Rejecting concerns about continued investment in fossil fuel infrastructure, Wisconsin utility regulators have approved plans for a $370 million natural gas storage project in southeastern Wisconsin designed to provide fuel when demand spikes.
We Energies and Wisconsin Gas say the dual facilities in Jefferson and Walworth counties are needed to improve reliability and resilience in light of anticipated growth in demand. They estimate the cost will be at least $224 million less than the alternatives.
The Public Service Commission approved the projects despite opposition from some local residents and the Sierra Club, which argued the utilities’ growth projections are overblown and “irreconcilable” with state and national carbon reduction commitments. The group argued it would be more cost-effective to reduce demand.
Compliance with the Paris climate agreement — an effort to stave off the most catastrophic impacts of climate change — will require a reduction in gas use, and the groups note that Gov. Tony Evers’ climate task force recommended against building any new fossil fuel infrastructure.
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Commissioners largely rejected those arguments, taking a narrower view of their mandate of ensuring safe, reliable and affordable energy service.
Chair Rebecca Valcq, an Evers appointee, said there’s no evidence that demand reduction is a viable alternative and that fossil fuels will continue to be part of the state’s energy mix — “at least for now.”
“I don’t see natural gas going away,” Valcq said. “Our obligation is to the residents of this state to ensure they have reliable power. It is not appropriate for us to sit back and wait and see if something materializes.”
Commissioner Ellen Nowak, appointed by former Gov. Scott Walker, accused the Sierra Club of presenting “false choices.”
“We need to have all available types of energy generation at our hands,” Nowak said. “I do not believe we should ever be eliminating any type of resources.”
The project consists of two storage facilities in Ixonia and Bluff Creek where natural gas would be chilled to minus-260 degrees to reduce its volume. Each system would hold a billion cubic feet of gas for times of high demand, when it would be heated and vaporized.
The utilities say the facility will eliminate the need to contract additional pipeline capacity that would only be needed a few days a year or to pay a premium when demand is high, as it was during a cold snap last winter that caused spot prices to jump by up to 10,000%.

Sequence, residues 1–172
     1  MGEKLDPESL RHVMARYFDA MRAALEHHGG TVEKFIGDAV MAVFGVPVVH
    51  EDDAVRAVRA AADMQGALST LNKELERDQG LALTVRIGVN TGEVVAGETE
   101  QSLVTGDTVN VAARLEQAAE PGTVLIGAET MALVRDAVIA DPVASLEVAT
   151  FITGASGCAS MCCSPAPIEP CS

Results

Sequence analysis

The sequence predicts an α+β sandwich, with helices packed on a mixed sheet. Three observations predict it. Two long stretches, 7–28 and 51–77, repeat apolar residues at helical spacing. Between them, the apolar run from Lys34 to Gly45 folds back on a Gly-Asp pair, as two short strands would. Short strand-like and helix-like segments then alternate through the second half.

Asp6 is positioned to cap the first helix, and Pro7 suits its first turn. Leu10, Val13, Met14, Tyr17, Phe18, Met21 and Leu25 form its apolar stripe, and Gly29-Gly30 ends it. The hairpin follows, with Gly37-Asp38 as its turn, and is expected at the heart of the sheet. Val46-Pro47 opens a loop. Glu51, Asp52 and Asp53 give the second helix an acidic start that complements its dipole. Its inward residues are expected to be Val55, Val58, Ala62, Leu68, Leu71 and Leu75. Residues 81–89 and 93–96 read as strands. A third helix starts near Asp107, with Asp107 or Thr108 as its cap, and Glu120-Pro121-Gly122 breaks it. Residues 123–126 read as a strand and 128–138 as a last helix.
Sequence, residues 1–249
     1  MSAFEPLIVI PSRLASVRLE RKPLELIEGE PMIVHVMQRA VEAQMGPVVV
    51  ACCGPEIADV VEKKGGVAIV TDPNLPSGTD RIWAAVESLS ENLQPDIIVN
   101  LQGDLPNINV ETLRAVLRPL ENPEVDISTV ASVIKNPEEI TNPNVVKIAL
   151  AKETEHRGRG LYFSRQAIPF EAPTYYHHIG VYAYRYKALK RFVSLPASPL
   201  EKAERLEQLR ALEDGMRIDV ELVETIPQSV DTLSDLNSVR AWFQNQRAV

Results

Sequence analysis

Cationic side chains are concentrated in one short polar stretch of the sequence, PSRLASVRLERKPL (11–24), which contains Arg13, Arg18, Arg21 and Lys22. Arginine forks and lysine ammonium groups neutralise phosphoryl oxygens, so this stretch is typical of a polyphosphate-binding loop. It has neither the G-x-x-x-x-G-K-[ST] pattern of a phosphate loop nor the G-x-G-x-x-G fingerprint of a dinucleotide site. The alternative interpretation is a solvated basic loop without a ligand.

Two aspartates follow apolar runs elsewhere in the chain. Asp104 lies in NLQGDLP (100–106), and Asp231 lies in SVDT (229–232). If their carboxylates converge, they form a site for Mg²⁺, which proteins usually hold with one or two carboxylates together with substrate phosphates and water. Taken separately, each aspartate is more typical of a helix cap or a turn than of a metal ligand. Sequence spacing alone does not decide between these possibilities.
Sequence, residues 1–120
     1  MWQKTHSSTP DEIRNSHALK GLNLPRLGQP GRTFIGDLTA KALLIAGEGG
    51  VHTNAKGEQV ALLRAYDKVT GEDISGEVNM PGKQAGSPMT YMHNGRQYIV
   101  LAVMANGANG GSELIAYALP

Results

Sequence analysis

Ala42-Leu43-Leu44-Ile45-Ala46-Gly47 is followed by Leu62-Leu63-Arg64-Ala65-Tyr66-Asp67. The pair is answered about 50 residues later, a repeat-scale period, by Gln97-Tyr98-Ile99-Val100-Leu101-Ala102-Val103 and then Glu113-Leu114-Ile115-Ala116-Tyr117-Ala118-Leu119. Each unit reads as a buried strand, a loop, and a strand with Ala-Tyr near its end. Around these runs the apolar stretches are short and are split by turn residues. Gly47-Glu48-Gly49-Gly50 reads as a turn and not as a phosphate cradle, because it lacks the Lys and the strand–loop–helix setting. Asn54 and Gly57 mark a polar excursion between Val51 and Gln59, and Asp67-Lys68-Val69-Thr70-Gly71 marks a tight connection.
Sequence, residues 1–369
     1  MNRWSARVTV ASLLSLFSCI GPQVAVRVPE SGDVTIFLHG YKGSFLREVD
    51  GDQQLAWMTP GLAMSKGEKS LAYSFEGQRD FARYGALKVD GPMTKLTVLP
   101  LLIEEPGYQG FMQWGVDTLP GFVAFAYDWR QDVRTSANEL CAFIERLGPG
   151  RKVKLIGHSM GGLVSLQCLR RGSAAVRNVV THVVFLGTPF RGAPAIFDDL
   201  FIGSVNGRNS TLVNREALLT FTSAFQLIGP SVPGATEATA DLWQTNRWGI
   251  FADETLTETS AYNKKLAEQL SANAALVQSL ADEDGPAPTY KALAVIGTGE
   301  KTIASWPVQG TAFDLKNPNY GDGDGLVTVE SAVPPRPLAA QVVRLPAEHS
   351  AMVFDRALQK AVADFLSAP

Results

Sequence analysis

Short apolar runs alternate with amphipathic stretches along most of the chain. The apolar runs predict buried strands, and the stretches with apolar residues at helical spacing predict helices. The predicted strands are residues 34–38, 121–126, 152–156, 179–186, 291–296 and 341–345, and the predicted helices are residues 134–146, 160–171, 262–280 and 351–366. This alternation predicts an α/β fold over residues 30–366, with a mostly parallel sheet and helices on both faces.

Wisconsin’s geology does not allow for underground storage, and the utilities’ underground storage site in Michigan is dependent on pipeline capacity for delivery.
The project is expected to raise revenue requirements by 4.4% to 4.5% once the facilities are completed by 2024, but the utilities said rate increases will be offset by the savings they produce.
Commissioner Tyler Huebner supported the Ixonia facility, which would serve Wisconsin Gas customers in Milwaukee, but said the value of the We Energies project was questionable.
Huebner, another Evers appointee, said he wants to see more data from utilities, such as how many electric heat pumps would need to be installed to reduce demand.
“Is there some other solution? I want to see that from our applicants going forward — a portfolio of options ... as opposed to a facility that’s one size,” Huebner said. “Once it’s there, it’s there. It’s in the rate base.”
WEC spokesperson Brendan Conway said the decision will “allow us to keep our customers warm on the coldest days of the year with a safe, affordable and reliable heating supply” while saving ratepayers money in the long run.
Opponents panned the decision, saying any new investments should reduce carbon emissions.
“Investing hundreds of millions of dollars into fossil fuels will only harm our planet and worsen conditions for those on the front lines of the climate crisis here in Wisconsin,” said Marco Marquez, state program manager with Action for the Climate Emergency.
Tuesday's announcement will mean the end of coal-fired power for Madison Gas and Electric, which owns a small share of the 1,400-megawatt Elm Road Generating Station, the state’s newest and largest power plant.
The approval comes days after the utilities’ parent company, WEC Energy Group, announced it would stop burning coal by 2035, converting the state’s largest coal-fired power plant to burn natural gas, a move that drew mixed reviews from environmental and consumer advocates.
“Today is again another recognition that natural gas is here to stay,” Nowak said. “We need it.”